Archive for Monday, April 6, 2009

Former U.S. Sen. Pearson lauded for abilities, interests

Baker University President Emeritus Dan Lambert speaks to the crowd gathered for a memorial service for former U.S. Senator James B. Pearson. Behind him are David Seaton, Pearson's press secretary, and former Sen. Nancy Kassebaum Baker, who succeeded Pearson in 1978. There were more than 150 people at the service in Baldwin City's First United Methodist Church.

Baker University President Emeritus Dan Lambert speaks to the crowd gathered for a memorial service for former U.S. Senator James B. Pearson. Behind him are David Seaton, Pearson's press secretary, and former Sen. Nancy Kassebaum Baker, who succeeded Pearson in 1978. There were more than 150 people at the service in Baldwin City's First United Methodist Church.

April 6, 2009

Former Sen. James B. Pearson was remembered for his diverse abilities and way of life during a memorial service Friday in Baldwin City.

Pearson died Jan. 13 in Gloucester, Mass., at age 88. He was appointed to the U.S. Senate in 1962 and was re-elected every six years until he retired in 1979. Pearson had a farm just outside of Baldwin City following retirement and many stories were told of his time there. He was remembered as a legislator, pilot, voracious reader, family man and someone who loved a good laugh.

“He was my friend and surely one of the greatest men I have ever been blessed to know,” said Baker University President Emeritus Dan Lambert, who got to know him well as a member of Baker’s board of trustees. “Jim Pearson had a wonderful sense of humor. He told about a campaign trip to western Kansas where he flew in and out of many places one day. By the last stop, he was getting kind of fuzzy.

“He jumped on the stand to the podium and said, ‘I can’t tell you how happy I am to be in, uh, uh, wherever the hell I am,’” said Lambert, noting that Pearson won that county in the election by a wide margin.

Lambert said it was Pearson’s love of the farm and Baldwin City that stood out to him.

“He was among Baldwin’s gentry,” said Lambert. “I think that’s the man that most of us will carry with us. He enjoyed the one-mile trip from Baldwin’s suburbs to pick up mail and talking to people.

“He loved his farm. He loved his tractor, his riding mower and, mostly, his pickup truck,” he said. “He said he trades pickups every 11 years, whether he needs to or not.”

Lambert praised Pearson for his intellect, his tremendous will and for his best act for Baldwin City — bringing his wife, Margie, here, who is still a member of Baker’s board of trustees.

“Good friends are a gift from God,” said Lambert. “We thank Him now for James Blackwood Pearson.”

Former Sen. Nancy Kassebaum Baker was another who spoke to the crowd of more than 150, including 15 members of his family, in the First United Methodist Church. Kassebaum succeeded Pearson in the Senate. She was elected in November of 1978, but Pearson resigned the next month and the Governor appointed her to serve the remainder of his term. There was a reason.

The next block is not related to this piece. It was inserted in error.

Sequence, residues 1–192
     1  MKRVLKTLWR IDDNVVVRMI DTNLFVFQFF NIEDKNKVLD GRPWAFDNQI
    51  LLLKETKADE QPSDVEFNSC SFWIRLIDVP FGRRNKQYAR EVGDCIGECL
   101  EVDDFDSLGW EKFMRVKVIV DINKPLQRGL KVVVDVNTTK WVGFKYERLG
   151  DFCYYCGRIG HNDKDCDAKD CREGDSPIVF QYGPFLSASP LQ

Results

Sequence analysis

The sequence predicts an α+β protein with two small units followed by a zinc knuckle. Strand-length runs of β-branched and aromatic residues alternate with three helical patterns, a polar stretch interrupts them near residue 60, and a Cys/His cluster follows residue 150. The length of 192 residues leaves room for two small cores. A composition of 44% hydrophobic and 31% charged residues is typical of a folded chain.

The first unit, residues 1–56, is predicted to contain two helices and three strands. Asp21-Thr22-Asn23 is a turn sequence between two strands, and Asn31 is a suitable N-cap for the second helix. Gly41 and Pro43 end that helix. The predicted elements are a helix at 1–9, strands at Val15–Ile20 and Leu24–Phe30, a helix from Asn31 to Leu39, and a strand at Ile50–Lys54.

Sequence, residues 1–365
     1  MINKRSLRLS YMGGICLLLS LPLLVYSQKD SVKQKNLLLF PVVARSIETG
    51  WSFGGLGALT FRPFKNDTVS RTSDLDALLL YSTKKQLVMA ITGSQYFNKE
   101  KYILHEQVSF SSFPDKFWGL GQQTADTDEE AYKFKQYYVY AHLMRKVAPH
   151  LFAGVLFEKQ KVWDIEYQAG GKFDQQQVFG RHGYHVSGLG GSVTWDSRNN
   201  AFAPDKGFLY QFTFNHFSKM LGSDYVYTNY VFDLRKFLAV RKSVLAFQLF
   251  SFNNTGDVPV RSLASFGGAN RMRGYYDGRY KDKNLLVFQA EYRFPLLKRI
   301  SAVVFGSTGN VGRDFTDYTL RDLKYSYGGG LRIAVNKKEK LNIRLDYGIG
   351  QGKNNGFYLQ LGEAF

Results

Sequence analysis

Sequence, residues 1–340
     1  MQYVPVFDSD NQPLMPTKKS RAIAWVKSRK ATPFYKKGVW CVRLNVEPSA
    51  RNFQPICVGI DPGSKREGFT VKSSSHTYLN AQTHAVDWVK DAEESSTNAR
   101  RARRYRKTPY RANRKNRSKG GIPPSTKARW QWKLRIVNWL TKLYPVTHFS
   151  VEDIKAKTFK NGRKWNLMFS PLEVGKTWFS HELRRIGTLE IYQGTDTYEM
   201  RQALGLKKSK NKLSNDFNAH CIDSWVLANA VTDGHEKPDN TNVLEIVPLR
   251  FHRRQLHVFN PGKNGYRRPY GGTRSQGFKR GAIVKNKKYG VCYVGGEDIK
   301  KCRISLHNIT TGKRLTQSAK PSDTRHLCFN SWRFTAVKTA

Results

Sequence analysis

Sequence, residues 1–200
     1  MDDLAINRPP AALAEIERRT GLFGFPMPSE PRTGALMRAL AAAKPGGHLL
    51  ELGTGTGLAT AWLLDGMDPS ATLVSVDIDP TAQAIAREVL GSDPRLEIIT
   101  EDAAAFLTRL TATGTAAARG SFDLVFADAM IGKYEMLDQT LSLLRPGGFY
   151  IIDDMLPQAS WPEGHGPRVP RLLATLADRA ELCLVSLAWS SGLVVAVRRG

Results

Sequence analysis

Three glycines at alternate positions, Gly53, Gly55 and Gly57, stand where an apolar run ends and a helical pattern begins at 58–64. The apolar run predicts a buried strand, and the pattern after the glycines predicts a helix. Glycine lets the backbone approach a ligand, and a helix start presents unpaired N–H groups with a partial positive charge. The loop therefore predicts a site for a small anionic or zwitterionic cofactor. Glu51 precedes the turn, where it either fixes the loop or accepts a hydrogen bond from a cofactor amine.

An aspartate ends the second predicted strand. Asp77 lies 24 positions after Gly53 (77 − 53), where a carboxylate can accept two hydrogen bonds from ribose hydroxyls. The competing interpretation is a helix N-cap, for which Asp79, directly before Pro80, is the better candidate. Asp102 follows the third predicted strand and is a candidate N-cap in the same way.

“He stepped down early so I could gain some seniority,” said Kassebaum, noting that she’d just heard the story Friday morning of how Pearson’s resignation was signed on a napkin given to the vice president with the words “I quit.”

She credited Pearson for that — noting her husband, Howard Baker, introduced legislation to end that loophole — as well as many other attributes, such as achieving good legislation. But she also said it was farm work that pleased him most.

“Nothing means more than getting to the farm,” Kassebaum recalled Pearson saying, because clearing brush or whatever chores were necessary were easier to see the value of than legislative action. “By the end of the day, you knew what you had done.”

Throughout the service there were numerous mentions of major legislative action he was involved with, such as deregulation of natural gas and the airline industry. Kassebaum said it was his ability to work across the aisle that made him a great Senator.

“He was someone who really valued to think about government,” she said. “He didn’t have his absolutes, he had the ability to reach across. He left an understanding of how important and valuable it is to not have absolutes, but to understand another’s point of view.”

Also speaking Friday were David Seaton, Pearson’s press secretary, and James Pearson, Jr., who told about his father’s love of many things, including baseball and flying. He said his dad was the son and grandson of preachers and how he earned his law degree in Virginia after service in World War II disrupted his schooling.

The family moved to Kansas in 1954, when Pearson opened a law practice and eventually got into politics. Pearson Jr. also told a story about a summer he spent in Washington with his dad and how they debated every night when to do the dishes.

“We will remember dad as a quiet person. I can still see his impish grin. I know he was quietly very proud of his family,” said Pearson Jr., adding that he was about to say something every parent wants to hear. “Dad, about the great dish debate and other things, you were right. We will miss you.”

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